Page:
Paul Lee vowed when he took over as president of ABC Entertainment Group that he would increase the ethnic diversity of the network. That started with the additions of “black-ish” and “Cristela,” comedies that feature black and Hispanic families.
The diversity trend continues with “Fresh Off the Boat,” a comedy based on the autobiography of restaurateur Eddie Huang. When he was 12, his family moved to Orlando, Florida, from Washington, D.C., so East could meet West as they opened a cowboy-themed restaurant.
Huang is certain this is the right time for the series to air.
“Asians have money. You want their money, make things for them. So that, I think, is probably the most obvious. But the other thing is that people are really sick of watching universe things that are just for the middle, like mass consumption things,” Huang says. “People want specific stories, and that’s what you’re seeing on Amazon, Netflix, all over. People respond to specificity.”
Never miss a local story.
The story follows Louis (Randall Park), who is convinced his restaurant idea will be a big hit. When it doesn’t immediately draw crowds, Eddie’s mother, Jessica (Constance Wu), begins to worry more than usual. Eddie (Hudson Yang) is too fascinated with hip-hop to keep up with the family conflicts.
The one thing the real Eddie Huang remembers about the move was the lack of family around him in Florida.
“For me in general, it was just going from a place where you had a reference group and you had a support system to a place where you were really alone,” Huang says. “And I was trying to understand suburbia, because suburbia doesn’t really make that much sense.”
There have been characters on TV shows played by Asian actors, and there was Margaret Cho’s short-lived “All-American Girl” (1994) that featured a similar family approach to “Fresh Off the Boat.”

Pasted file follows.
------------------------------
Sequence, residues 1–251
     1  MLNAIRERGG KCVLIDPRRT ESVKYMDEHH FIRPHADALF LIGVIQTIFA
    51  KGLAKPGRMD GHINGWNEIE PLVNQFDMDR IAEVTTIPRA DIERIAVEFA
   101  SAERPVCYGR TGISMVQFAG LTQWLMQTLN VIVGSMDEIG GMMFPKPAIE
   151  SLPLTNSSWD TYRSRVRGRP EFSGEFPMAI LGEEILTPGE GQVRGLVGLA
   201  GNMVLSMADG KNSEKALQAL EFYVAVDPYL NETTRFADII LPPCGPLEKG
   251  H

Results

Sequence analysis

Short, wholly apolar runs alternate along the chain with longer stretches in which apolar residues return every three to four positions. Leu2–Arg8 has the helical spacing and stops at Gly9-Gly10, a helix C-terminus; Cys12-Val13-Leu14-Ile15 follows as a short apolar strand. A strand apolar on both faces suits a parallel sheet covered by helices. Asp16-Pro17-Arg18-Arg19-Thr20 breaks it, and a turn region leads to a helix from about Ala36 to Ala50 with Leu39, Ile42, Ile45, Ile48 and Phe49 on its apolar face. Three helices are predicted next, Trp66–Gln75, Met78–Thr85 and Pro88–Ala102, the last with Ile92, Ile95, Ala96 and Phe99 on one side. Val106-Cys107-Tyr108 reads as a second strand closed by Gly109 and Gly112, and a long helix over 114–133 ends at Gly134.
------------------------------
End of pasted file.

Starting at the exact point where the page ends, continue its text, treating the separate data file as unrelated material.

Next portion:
The actors are delighted that the network is looking at more ethnic variety, which gives them better acting options.
“I feel like there’s starting to be more opportunities for Asians to be, like, first and second leads,” Wu, who was born in Richmond, Virginia, says. “I feel like it is starting to change, and we are a part of that. If this is a success and it does well, it will encourage people to invest in shows that do have Asians as the first lead, not as the third lead.”
Wu loves her character because she’s a woman who doesn’t care if people like her or not because she has a very strong sense of self. The actress finds it refreshing to be playing a role that’s not catering her personality to other people’s anxieties about her.
Park’s character is a little more laid back — and frightened of his wife. The Los Angeles native also portrayed the aggressive President Kim in the controversial “The Interview.”
Park calls playing the North Korean leader an interesting and “crazy” experience.
“I still haven’t fully kind of pieced everything together as far as what that whole experience meant to me, but I was just really glad that the movie came out and that, in the end, people got the chance to see the movie,” Park says. “And now I’m headed into this show and I’m just excited to kind of move on from that.”